Moore, Dartmouth Medical School’s Frank Lane Research Scholar in Computational Genetics and director of bioinformatics, joined six fellow geneticists in writing opinions in a “Viewpoint” article for the June 2010 edition of the journal, on where and how to find missing genetic factors that trigger the diseases.
“The time is now to philosophically and analytically retool for a complex genetic architecture or we will continue to underdeliver on the promises of human genetics,” Moore, a DMS professor of genetics and of community and family medicine, writes in his essay. “Indeed, life, and thus genetics, is complicated and some will soon ask, as seismologists have [about earthquakes], whether we are trying to predict the unpredictable.”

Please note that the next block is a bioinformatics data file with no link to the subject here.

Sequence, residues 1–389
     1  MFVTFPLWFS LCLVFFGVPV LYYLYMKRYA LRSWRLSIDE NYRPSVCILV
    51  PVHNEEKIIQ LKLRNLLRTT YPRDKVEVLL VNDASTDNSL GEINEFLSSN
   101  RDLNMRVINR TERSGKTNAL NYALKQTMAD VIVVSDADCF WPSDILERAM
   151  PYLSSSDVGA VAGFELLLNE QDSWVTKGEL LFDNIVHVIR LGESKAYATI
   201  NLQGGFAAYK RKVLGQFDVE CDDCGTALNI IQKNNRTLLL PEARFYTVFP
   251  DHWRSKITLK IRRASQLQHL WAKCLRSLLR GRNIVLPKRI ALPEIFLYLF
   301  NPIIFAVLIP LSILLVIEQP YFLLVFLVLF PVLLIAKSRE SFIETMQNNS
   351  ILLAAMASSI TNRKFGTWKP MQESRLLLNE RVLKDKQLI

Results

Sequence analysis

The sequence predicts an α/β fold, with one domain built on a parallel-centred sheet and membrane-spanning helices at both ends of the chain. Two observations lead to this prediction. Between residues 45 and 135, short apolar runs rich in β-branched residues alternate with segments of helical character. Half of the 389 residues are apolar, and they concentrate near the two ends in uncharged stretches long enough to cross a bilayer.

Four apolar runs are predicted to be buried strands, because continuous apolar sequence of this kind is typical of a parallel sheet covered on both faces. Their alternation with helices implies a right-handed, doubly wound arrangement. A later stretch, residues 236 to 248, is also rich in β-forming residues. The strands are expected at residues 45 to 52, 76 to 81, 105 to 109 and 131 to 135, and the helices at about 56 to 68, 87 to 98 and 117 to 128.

Moore and his colleagues explain how various factors, including structural variants, epigenetic regulation, and genetic interactions, could contribute to common human disease.
“The field of genetics has been dominated by simple approaches to the problem and have not achieved much success,” Moore says. “My research program directly confronts this complexity by developing powerful computational algorithms and software for looking t interactions between multiple genetic and environmental risk factors.”